In our study, the rate of having children was statistically significantly smaller among those men who had been diagnosed with diabetes at an earlier age—which also means a longer duration of the disease. The significance of this difference in fertility according to age at diagnosis of diabetes is diminished by the fact that a younger age at onset in our study design also means a younger age at the end of follow-up. This means that some of the study persons, especially the men, had probably not yet had all the children that they intended to. In order to avoid ascertainment bias in estimated HRs, we restricted the study population in this part of the analyses to the birth years 1957–1965 to simultaneously maintain coverage of all ages at onset and maximise average follow-up (to the age of 43–51 years).

The proportion of diabetic men and women who have chosen to remain childless or to have fewer children than desired, specifically because of their diabetes, is unknown. In a Danish study [2] many women with diabetes reported voluntary infertility, but the proportion did not differ significantly from that in the control group. The smaller number of offspring among diabetic women and men in our study might not be due to reduced fecundity.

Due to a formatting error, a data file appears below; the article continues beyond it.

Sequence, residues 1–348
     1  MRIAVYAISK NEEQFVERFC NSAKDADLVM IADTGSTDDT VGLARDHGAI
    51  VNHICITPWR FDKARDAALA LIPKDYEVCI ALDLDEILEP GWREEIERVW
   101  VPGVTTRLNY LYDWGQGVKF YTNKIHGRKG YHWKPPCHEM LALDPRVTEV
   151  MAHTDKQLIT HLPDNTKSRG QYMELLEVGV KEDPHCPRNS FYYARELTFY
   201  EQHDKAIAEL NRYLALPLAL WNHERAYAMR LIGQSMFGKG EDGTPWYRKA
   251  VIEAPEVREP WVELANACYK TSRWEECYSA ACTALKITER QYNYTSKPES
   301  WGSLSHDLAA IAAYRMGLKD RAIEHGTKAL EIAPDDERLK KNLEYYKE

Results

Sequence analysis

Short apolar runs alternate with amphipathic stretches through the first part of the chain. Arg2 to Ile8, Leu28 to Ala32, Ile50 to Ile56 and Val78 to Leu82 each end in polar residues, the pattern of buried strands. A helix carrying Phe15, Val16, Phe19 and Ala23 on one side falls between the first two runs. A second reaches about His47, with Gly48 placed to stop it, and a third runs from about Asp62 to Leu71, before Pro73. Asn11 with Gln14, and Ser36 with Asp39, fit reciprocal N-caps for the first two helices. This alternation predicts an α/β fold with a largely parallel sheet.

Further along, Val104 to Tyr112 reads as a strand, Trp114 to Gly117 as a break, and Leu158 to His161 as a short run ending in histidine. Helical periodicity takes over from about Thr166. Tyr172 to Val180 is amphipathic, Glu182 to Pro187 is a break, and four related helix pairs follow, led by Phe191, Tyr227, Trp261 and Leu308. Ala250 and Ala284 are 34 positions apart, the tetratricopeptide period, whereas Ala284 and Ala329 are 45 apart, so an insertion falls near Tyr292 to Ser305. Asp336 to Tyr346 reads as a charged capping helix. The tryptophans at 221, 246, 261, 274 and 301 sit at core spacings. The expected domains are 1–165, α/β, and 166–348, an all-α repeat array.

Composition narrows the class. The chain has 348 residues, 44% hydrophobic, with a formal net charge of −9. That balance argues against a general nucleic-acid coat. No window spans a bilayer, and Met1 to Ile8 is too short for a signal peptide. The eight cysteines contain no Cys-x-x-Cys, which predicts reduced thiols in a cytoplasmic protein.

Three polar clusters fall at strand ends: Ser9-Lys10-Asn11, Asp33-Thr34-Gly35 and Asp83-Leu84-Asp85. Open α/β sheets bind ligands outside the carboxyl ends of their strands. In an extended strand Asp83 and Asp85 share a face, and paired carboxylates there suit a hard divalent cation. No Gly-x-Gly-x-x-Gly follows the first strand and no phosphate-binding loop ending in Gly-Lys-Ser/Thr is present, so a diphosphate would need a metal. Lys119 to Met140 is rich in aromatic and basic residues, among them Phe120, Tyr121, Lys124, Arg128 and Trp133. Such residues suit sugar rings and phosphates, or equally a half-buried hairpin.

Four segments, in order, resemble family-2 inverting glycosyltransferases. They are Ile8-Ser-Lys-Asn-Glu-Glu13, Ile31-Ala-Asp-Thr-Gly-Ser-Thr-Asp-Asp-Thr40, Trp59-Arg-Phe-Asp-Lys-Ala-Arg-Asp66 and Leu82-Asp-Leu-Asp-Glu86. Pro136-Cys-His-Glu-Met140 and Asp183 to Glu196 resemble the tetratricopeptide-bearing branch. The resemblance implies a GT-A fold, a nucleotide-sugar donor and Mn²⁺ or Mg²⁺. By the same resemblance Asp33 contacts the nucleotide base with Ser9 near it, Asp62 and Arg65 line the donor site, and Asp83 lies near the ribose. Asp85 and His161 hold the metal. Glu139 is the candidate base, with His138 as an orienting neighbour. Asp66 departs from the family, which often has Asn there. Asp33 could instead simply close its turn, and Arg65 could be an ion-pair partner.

The possible influence of fear of passing on diabetes to one’s children or fear of worsening of diabetic complications by having children is an under-investigated area of interest and calls for other types of studies than register studies. The lower fertility among diabetic men and women can also be influenced by the attitudes of diabetic persons or their treating doctors about the risks of diabetic pregnancies. This is supported by the fact that the difference in fertility between diabetic women and controls is significantly smaller in later birth cohorts—type 1 diabetes per se is no longer regarded as an obstacle to pregnancy.